Addo is a birders’ paradise. With five of South Africa’s seven biomes represented within the Addo region (Albany thicket, fynbos, forest, nama-Karoo and Indian Ocean coastal belt), birders are able to travel the biodiverse area of the Addo Elephant National Park and surrounds with the opportunity to sight 417 species.  Visitors can enjoy birding within the park and around the Addo area on a canoe safari, a hike or guided birding walk, river cruise, or on a horseback safari.  

Around Addo’s main camp Karoo scrub robin and Cape robin-chat, bokmakierie, southern tchagra, fork-tailed drongo, Cape bunting are prominent with brown-hooded kingfisher, fiscal flycatcher, fork-tailed drongo, spectacled weaver, malachite and greater double-collared sunbird are easily found. 

African crowned eagles breed in the wooded kloofs of the Zuurberg Mountains and forest species, typical of the Eastern Cape, olive bush shrike, yellow-throated woodland warbler and Cape batis  are sighted. The Alexandria Forest at Woody Cape offers opportunities to view the Knysna turaco, black cuckoo (in summer), grey cuckoo-shrike, chorister robin-chat, dark-backed weaver and the spectacular narina trogon. The coastal grasslands south of the forest are home to species like Denham’s bustard (with impressive displaying during summer) and the black-winged plover.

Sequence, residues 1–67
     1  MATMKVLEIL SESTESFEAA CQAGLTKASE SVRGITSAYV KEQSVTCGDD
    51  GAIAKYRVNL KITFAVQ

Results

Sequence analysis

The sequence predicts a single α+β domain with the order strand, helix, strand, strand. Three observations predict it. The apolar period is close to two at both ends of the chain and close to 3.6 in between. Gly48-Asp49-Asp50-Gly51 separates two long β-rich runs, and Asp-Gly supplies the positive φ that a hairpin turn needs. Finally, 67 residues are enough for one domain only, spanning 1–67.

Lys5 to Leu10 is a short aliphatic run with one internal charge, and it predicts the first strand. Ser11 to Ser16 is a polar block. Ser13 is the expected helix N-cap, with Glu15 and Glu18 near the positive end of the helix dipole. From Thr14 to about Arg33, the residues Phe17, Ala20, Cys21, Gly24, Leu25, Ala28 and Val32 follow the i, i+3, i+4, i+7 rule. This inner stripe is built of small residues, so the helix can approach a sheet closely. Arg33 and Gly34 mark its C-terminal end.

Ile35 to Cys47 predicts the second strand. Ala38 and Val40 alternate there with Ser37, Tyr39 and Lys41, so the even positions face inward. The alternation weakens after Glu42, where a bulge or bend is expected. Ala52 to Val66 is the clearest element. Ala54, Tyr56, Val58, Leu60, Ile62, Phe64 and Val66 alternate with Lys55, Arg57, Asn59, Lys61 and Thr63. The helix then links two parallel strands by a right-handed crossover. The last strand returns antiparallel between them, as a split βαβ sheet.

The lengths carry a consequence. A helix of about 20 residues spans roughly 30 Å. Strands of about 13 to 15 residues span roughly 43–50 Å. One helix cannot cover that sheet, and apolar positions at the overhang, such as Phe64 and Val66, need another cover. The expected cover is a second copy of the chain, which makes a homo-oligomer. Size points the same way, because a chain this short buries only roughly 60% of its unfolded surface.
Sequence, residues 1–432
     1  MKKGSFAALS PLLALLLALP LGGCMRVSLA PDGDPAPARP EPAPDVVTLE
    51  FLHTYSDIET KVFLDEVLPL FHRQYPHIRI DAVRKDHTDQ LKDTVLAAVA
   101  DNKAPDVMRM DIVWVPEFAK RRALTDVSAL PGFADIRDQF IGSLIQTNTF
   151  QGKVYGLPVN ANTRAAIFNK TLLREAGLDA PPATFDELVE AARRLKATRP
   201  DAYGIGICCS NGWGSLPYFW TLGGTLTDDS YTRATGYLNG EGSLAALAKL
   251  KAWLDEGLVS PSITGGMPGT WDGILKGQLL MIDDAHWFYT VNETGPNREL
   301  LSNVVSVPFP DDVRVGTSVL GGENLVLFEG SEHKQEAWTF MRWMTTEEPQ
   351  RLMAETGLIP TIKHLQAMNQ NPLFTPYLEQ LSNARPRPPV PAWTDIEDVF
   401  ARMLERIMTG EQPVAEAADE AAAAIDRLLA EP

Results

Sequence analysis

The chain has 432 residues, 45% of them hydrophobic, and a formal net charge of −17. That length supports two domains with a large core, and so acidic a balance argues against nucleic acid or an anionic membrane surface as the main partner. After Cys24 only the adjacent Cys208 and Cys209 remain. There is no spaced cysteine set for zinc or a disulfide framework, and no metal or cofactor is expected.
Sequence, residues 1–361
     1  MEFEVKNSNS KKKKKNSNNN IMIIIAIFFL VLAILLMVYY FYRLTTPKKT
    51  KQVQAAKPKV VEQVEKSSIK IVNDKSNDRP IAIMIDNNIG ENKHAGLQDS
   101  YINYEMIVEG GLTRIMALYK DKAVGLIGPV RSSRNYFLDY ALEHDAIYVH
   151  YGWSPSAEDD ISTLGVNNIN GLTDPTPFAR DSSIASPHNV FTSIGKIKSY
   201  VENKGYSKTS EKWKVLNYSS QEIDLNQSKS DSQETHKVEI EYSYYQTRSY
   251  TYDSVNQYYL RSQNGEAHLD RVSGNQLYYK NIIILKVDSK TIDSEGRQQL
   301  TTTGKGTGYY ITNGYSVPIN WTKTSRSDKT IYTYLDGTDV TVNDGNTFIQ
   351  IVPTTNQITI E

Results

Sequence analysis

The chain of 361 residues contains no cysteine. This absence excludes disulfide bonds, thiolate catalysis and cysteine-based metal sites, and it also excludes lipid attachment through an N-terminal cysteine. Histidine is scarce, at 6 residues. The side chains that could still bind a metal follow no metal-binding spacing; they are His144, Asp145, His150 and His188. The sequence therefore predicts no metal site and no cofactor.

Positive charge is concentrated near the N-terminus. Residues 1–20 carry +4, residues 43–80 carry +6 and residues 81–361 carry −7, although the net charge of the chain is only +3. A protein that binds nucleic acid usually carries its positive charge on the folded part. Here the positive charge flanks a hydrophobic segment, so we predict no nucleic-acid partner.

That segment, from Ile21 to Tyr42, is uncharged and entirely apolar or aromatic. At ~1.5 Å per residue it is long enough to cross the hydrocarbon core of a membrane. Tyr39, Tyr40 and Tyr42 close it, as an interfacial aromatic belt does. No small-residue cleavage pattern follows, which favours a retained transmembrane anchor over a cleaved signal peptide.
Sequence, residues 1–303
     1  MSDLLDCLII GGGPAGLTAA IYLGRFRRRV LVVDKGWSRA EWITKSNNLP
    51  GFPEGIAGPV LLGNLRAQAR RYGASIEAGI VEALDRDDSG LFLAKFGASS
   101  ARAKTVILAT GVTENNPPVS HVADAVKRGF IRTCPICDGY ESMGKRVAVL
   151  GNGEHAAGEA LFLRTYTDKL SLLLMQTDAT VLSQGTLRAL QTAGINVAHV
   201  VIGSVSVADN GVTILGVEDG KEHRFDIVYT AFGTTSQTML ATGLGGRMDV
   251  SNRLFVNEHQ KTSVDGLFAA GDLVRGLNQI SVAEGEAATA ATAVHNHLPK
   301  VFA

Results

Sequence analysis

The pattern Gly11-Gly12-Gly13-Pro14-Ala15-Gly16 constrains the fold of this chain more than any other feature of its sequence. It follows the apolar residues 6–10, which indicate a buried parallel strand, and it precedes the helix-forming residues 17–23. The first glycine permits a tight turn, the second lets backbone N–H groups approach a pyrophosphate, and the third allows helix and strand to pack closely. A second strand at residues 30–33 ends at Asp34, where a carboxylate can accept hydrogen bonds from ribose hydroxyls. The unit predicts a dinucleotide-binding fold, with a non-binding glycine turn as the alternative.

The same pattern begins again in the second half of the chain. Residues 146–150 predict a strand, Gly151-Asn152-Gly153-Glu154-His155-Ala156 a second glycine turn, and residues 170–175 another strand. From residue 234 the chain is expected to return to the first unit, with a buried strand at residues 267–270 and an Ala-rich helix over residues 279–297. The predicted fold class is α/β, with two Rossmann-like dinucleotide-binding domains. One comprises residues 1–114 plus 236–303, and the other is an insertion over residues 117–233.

Also in summer, at the Sundays River Mouth, there are large tern roosts including swift, sandwich, common and the tiny damara tern, which breed in the nearby dunes. The Karoo vegetation around Darlington Lake is home to Karoo endemics such as pririt batis, rufous-eared warbler and the Karoo chat. Water birds, goliath herons, lesser flamingos, fresh-water terns and grey-headed gulls, can be found at Darlington.  

The coastal islands in the marine section of the national park have impressive breeding colonies of Cape gannet and African penguin and is one of the few South African breeding colonies of the roseate tern. 

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